Science fiction and fantasy                                            

Death By Black Hole: And Other Cosmic Quandaries

by Neil DeGrasse Tyson


Death By Black Hole is a series of essays on the universe adapted from pieces that appeared in Natural History magazine. The book is a sort of bite-sized guide to cosmology. It covers a wide range of topics: the speed of light, Lagrange points, antimatter, the history of planetary discoveries, density, spectroscopy, the expanding universe, interstellar dust clouds, supernovas and much, much more. Some of it deals with things many people will have learnt at school, but the author swiftly moves on from the basics to more advanced details.

The first section tackles the limits of our knowledge, whether it's a result of the shortcomings of our own senses, our technology, or whether we examine things in minute detail or at a distance. It's an overview of the issues involved rather than an in-depth look at this subject. Sections two to five delve into the real nitty-gritty though, journeying from the planets to the stars and beyond, and from the start of the universe to its eventual end. This is very accessible given the subject matter. Neil DeGrasse Tyson peppers his writing with humour and explains everything in a vivid style that makes the subject easy to grasp.

There are some aspects of the universe that are inevitably rather depressing. For instance there's the death of stars, including our own, or the supermassive black holes that gobble millions or even billions of stars. The author devotes a section to all the different ways the cosmos is out to kill us. It's hard to read this kind of thing and not feel insignificant compared with the vast scale of the universe. The dramatic scenarios he describes are mercifully either remote possibilities or inevitable yet long-distant, but they're explained clearly and with a touch of gleeful morbidity.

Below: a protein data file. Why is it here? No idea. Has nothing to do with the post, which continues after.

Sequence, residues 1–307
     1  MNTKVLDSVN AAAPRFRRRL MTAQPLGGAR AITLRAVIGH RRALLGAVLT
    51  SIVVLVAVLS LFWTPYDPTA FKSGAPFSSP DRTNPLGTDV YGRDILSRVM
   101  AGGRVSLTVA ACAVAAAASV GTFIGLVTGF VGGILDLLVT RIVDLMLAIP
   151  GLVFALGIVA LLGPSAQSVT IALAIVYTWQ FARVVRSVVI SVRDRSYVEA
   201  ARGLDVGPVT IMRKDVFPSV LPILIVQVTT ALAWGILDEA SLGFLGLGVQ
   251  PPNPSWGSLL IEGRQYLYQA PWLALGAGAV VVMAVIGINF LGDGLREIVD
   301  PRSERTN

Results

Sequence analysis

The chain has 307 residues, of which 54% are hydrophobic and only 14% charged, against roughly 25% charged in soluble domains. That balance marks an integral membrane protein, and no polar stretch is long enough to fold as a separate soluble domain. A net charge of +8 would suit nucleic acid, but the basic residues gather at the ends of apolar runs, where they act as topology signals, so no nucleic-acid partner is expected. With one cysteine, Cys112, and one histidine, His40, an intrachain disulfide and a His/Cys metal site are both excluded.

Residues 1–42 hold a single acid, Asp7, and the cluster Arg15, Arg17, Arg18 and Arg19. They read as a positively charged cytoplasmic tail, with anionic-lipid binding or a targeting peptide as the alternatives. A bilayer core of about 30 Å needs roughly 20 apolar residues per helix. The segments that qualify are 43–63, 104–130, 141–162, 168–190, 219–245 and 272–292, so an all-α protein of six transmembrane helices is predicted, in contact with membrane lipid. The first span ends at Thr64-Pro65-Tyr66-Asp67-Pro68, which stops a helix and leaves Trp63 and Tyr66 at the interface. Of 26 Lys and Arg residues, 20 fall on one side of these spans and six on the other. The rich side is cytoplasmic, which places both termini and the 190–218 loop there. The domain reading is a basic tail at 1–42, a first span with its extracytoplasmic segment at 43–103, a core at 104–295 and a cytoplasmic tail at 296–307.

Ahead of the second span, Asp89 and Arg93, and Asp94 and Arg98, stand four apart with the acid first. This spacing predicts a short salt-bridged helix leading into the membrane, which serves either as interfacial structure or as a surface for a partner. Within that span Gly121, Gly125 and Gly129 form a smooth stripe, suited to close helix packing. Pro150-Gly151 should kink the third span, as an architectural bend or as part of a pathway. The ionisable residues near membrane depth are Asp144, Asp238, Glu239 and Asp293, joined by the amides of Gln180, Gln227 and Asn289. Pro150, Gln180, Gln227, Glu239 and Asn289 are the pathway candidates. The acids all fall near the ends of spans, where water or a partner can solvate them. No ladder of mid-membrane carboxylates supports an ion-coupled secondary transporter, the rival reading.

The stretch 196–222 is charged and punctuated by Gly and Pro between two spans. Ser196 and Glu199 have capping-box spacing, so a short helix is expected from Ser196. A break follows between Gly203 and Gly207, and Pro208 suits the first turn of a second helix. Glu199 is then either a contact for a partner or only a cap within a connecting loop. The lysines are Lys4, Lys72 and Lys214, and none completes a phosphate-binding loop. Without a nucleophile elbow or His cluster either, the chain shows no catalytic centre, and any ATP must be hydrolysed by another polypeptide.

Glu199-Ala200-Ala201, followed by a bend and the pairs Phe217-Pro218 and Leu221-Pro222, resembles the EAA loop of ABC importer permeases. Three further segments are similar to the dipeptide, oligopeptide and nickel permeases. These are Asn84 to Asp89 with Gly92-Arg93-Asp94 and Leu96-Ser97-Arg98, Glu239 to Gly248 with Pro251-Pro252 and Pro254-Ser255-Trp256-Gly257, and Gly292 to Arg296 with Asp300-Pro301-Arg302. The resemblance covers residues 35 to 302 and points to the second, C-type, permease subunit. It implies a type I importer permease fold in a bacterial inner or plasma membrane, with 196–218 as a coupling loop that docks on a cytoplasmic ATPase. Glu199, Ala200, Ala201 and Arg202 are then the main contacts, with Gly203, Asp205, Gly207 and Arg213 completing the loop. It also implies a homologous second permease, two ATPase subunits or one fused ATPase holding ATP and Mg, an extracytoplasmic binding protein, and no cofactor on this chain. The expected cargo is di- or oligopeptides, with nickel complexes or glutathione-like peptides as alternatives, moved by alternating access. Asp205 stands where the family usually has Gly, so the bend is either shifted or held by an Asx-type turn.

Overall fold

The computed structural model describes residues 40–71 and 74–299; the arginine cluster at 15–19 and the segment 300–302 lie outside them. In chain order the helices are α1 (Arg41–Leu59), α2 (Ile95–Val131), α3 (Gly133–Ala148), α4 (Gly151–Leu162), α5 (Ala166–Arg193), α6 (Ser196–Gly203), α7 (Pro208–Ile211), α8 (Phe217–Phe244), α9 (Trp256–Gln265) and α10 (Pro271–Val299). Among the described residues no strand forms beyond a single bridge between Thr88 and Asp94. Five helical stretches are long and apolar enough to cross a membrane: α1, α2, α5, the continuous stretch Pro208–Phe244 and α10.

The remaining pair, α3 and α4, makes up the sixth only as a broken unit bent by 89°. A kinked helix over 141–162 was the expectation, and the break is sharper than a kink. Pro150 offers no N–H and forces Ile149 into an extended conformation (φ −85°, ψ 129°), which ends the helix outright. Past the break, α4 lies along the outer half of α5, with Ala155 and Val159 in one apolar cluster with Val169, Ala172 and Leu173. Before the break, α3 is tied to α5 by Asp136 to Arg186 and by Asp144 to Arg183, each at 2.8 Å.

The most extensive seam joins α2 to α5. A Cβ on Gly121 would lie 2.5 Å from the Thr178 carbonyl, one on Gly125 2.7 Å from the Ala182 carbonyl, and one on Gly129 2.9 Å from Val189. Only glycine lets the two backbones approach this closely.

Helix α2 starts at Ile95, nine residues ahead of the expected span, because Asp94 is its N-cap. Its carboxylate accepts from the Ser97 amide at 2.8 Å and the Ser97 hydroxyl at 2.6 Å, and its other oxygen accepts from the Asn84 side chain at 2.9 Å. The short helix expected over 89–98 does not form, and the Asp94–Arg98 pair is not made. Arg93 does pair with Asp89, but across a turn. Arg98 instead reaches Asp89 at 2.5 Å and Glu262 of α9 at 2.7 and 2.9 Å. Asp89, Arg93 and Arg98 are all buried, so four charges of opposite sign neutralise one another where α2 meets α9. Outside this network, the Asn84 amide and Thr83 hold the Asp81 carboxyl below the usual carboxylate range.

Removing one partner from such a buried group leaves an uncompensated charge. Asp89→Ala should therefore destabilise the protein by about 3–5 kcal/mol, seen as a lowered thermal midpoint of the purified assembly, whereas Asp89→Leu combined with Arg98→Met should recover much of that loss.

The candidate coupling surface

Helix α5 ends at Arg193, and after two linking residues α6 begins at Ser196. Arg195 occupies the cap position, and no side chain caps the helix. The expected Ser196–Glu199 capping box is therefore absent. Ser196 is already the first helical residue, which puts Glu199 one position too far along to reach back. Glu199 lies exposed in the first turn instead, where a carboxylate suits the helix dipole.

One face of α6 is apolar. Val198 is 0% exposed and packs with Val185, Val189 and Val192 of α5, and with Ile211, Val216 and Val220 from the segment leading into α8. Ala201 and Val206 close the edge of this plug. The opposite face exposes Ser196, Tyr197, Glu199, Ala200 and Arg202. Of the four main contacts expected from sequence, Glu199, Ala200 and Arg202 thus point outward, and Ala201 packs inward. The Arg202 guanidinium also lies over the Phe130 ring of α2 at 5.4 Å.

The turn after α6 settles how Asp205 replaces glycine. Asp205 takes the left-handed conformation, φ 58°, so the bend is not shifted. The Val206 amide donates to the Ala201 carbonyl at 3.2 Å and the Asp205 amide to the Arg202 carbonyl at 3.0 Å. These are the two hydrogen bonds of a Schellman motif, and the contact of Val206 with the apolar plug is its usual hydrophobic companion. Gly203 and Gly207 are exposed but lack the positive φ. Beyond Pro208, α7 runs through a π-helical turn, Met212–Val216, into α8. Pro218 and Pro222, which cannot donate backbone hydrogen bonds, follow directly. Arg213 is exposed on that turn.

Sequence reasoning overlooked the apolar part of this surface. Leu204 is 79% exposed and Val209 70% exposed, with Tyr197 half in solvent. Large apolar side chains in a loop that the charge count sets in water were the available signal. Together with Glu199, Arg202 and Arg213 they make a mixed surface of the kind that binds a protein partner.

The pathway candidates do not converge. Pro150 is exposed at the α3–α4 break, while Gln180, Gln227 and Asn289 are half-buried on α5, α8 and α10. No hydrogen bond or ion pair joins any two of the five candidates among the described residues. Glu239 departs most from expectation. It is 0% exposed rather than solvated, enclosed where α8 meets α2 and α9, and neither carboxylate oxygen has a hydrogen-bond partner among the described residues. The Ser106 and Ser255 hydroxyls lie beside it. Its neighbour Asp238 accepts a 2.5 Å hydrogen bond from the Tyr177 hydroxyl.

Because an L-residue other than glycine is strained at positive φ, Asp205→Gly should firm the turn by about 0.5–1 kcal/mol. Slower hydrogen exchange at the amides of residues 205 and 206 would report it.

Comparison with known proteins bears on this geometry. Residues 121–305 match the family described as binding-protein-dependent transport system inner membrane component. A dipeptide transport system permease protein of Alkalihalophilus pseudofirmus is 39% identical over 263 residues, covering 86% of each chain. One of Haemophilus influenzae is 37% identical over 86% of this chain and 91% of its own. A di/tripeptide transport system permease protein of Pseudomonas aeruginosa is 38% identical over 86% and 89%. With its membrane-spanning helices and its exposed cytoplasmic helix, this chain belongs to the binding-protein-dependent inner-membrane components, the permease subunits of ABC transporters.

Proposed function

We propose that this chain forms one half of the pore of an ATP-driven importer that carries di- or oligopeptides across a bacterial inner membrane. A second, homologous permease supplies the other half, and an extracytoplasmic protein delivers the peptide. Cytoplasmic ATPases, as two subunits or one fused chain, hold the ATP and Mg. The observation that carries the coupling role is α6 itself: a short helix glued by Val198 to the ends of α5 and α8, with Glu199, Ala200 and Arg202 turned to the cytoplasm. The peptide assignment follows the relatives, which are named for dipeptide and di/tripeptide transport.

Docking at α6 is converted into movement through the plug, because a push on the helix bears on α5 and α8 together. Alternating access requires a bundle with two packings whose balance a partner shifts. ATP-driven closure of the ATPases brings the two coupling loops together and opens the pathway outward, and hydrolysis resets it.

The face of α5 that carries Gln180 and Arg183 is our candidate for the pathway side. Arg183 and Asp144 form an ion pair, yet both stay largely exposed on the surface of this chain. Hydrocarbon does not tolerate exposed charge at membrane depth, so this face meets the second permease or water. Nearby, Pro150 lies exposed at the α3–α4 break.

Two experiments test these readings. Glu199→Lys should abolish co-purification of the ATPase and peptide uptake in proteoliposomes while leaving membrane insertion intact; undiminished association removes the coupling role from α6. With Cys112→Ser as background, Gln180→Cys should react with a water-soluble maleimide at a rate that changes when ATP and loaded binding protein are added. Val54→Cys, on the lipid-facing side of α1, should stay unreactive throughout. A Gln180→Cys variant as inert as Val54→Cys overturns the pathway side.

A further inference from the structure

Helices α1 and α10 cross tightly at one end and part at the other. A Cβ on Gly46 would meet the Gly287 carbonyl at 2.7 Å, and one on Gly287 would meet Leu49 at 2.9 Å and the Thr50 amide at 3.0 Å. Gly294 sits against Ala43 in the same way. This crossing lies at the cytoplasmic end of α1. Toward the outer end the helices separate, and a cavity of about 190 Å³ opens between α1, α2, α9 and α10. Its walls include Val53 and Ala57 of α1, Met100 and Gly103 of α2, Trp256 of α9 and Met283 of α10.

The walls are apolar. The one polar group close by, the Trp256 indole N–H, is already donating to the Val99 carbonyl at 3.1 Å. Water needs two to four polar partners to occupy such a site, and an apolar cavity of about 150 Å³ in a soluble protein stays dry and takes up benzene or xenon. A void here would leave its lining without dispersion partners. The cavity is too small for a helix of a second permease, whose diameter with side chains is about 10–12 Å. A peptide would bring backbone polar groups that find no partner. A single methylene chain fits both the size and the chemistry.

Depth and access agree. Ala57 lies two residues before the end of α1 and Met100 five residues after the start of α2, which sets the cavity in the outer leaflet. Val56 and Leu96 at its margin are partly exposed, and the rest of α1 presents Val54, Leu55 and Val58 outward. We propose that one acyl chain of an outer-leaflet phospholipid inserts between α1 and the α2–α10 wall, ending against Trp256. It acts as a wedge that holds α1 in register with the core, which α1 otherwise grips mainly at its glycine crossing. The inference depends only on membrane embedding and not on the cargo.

To be fair it's not all about death and destruction, in spite of the book's title. There's also a lot of fascinating detail about how the molecules of life emerged from the processes within stars, and a little about the possibility of intelligent life on other planets and the Drake equation.

The last two sections are a bit more like rants. They deal with the public perception of science and the clash between science and religion, so inevitably there's a lot of scope for frustration from the point of view of a scientist. The author makes persuasive points about such things as the importance of testing theories scientifically, about poor science in movies, and the place of religious doctrine in the science classroom. Of course if you've reached this part of the book he's probably preaching to the converted in any case, but at least he does it in an entertaining way that brings fresh ammunition to the debate.

This is quite a US-centred book, and some of the essays are fairly short. Yet it's informative as well as engaging. For science students who are not yet at university level as well as anyone with a casual interest in astrophysics it serves as a useful introduction to the subject.

4th April 2011

Book Details

Year: 2007

Categories: Books


If you like this, try:

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Knocking On Heaven's Door by Lisa Randall
From particle physics on the tiniest scales to the most awe-inspiring cosmology, and modern experiments that could be on the verge of cracking open the secrets of the universe.

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Inflight Science by Brian Clegg
This book examines the science behind flying, from check in at the airport to touch down.

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Cosmos Close-Up by Giles Sparrow
A view of the universe, as revealed by space telescopes and other modern technology.

4 star rating

Review © Ros Jackson

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